Anthropometric correlates of C-reactive protein among indigenous Siberians

J. Josh Snodgrass, William R. Leonard, Larissa A. Tarskaia, Thomas W. McDade, Mark V. Sorensen, Vasili P. Alekseev, Vadim G. Krivoshapkin

Research output: Contribution to journalArticlepeer-review

18 Scopus citations


C-reactive protein (CRP) is an inflammatory marker, which at low-level elevations is associated with increased cardiovascular risk. Although CRP has been extensively investigated in North American and European settings, few studies have measured CRP among non-Western groups. The present study used dried whole blood spot samples to examine high-sensitivity CRP concentrations among the Yakut (Sakha) of Siberia (85 females, 56 males; 18-58 years old). Our goals were: (1) to compare Yakut CRP concentrations with other populations; (2) to investigate sex differences; and (3) to explore anthropometric correlates of CRP. Results indicate that serum equivalent CRP concentrations are similar to those from industrializing nations, lower than US and European values, and greater than Japanese concentrations. Yakut men and women display similar CRP concentrations; however, CRP was significantly higher among men after adjustment for body fat, age, and smoking. Positive associations were documented between CRP and BMI, body fat, and central adiposity.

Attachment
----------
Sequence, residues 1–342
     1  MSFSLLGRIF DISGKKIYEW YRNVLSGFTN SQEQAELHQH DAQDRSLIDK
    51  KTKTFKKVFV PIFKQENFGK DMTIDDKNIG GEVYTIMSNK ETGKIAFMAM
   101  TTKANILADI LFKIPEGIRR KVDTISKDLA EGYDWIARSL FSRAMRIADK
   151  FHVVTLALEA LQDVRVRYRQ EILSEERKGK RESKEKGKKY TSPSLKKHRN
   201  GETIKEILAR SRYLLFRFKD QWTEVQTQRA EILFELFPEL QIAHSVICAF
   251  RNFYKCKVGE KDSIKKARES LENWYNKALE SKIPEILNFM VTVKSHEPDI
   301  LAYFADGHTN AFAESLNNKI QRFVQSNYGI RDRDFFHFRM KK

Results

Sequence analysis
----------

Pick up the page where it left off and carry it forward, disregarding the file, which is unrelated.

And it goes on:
Original languageEnglish (US)
Pages (from-to)241-246
Number of pages6
JournalJournal of Physiological Anthropology
Issue number2
StatePublished - 2007


  • Body composition
  • C-reactive protein
  • Cardiovascular risk
  • Obesity
  • Russia
  • Yakut (Sakha)

ASJC Scopus subject areas

  • Human Factors and Ergonomics
  • Physiology
  • Orthopedics and Sports Medicine
  • Anthropology
  • Public Health, Environmental and Occupational Health
  • Physiology (medical)


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